CM . . . . Volume XIV Number 14 . . . . March 7, 2008
Metis Legacy (Volume II): Michif Culture, Heritage and Folkways.
Lawrence J. Barkwell, Leah M. Dorion & Audreen Hourie, eds. Saskatoon, SK: Gabriel Dumont Institute: Winnipeg, MB: Pemmican Publications, 2006. 254 pp., pbk., $45.00. ISBN 978-0-920915-80-6. Subject Headings: Métis. Michif language-Canada. Métis-Social life and customs. Grades 4 and up / Ages 9 and up.
Review by Gary Babiuk. ***1/2 / 4
Metis Legacy is a beautiful collection of historical photos, paintings, drawings, maps, stories, and songs for all ages. It is a collaborative effort by the editors who have been involved over the years in recording and sharing Metis or Michif culture and history. This volume reveals the significant Metis influence on North American culture by illuminating their often-unacknowledged contributions. The creators of this text make visible the vibrant resonance of a dynamic culture. The following excerpt illustrates this:
The ancestors of today’s Metis Nation were the children of the unions between North American Aboriginal mothers and European fathers. They developed into a distinct people with a group consciousness necessary to promote their collective causes. A Metis was not French Canadian, nor an English Canadian, nor a Scot. Neither were they First Nations or Inuit. They created for themselves and future generations a unique culture, a group identity, and declared themselves a “New Nation.” The Metis forged treaties and declared a Bill of Rights that marked this identity as a “New Nation.” In the United States and Canada, we are surrounded by many symbols of Metis culture and heritage. Across the greater Metis Homeland there are many enduring, emblematic reminders of the Metis historical presence: the Montana buffalo skull logo, the buffalo on Manitoba’s coat of arms and on the flag of the Manitoba Metis Federation, the blue Metis infinity flag, the fiddle and sash; the ubiquitous Red River Cart; and the numerous streets named after Metis patriots in cities and towns from Kansas City to Winnipeg, and from Edmonton to Yellowknife. The Metis founded many of our major cities from Green Bay (La Baye), Wisconsin in the east to Juneau, Alaska in the west, founded by Metis gold prospector, Joe Juneau. The unique and world-renowned Michif-Cree language is still regularly spoken in four American states and five Canadian provinces.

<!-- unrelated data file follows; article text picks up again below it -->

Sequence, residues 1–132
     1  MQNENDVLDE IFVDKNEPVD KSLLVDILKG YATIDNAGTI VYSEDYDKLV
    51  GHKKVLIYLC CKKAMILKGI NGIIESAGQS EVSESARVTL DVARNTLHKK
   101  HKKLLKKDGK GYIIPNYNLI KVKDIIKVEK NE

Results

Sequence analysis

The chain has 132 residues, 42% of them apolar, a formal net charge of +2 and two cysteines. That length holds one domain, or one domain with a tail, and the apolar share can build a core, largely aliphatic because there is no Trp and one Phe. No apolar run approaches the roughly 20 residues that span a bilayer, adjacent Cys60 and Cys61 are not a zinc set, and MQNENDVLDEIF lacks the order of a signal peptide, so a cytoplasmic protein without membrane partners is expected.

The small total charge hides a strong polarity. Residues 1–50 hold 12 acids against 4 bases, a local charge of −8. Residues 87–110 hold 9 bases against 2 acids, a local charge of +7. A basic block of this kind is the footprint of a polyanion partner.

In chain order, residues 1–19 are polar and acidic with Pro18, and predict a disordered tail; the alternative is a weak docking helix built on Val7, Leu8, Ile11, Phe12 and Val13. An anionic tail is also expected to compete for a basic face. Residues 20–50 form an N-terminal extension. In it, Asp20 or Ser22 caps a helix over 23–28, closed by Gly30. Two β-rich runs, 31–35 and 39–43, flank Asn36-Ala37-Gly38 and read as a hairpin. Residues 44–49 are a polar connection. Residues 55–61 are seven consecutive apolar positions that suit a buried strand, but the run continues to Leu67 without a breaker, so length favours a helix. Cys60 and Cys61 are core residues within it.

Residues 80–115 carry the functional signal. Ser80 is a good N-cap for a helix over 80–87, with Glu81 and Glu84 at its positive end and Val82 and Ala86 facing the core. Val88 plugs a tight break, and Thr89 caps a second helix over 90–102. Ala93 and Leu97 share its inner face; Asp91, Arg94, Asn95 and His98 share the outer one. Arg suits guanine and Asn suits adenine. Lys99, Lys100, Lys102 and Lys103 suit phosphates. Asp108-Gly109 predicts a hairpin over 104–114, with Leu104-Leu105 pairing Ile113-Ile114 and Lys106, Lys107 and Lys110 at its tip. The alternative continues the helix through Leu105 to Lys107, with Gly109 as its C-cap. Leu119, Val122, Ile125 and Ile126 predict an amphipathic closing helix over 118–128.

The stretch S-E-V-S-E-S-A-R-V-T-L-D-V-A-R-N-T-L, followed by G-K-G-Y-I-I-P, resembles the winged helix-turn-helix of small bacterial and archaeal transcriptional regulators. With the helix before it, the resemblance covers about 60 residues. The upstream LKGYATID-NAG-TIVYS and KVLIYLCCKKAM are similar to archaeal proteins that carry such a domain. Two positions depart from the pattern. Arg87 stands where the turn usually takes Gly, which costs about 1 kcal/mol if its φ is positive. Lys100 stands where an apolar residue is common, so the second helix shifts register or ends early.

I believe this volume needs to be in every classroom. It reveals and celebrates an unexamined and often ignored part of our North American history. It outlines how the roots of Canada and the United States are interconnected. Although the reading level is at middle years to adult, it could be very effective at all levels because of the many photos of people, artifacts, and places. It provides a first hand account of the early years as Europeans came into contact with the First Nations of North America. This book could be used as a: 1) 2) 3) 4) Teacher resource for stories, photos, songs, recipes, Metis language, and history, Student text for studying History, Reference resource for student research, or just for Browsing.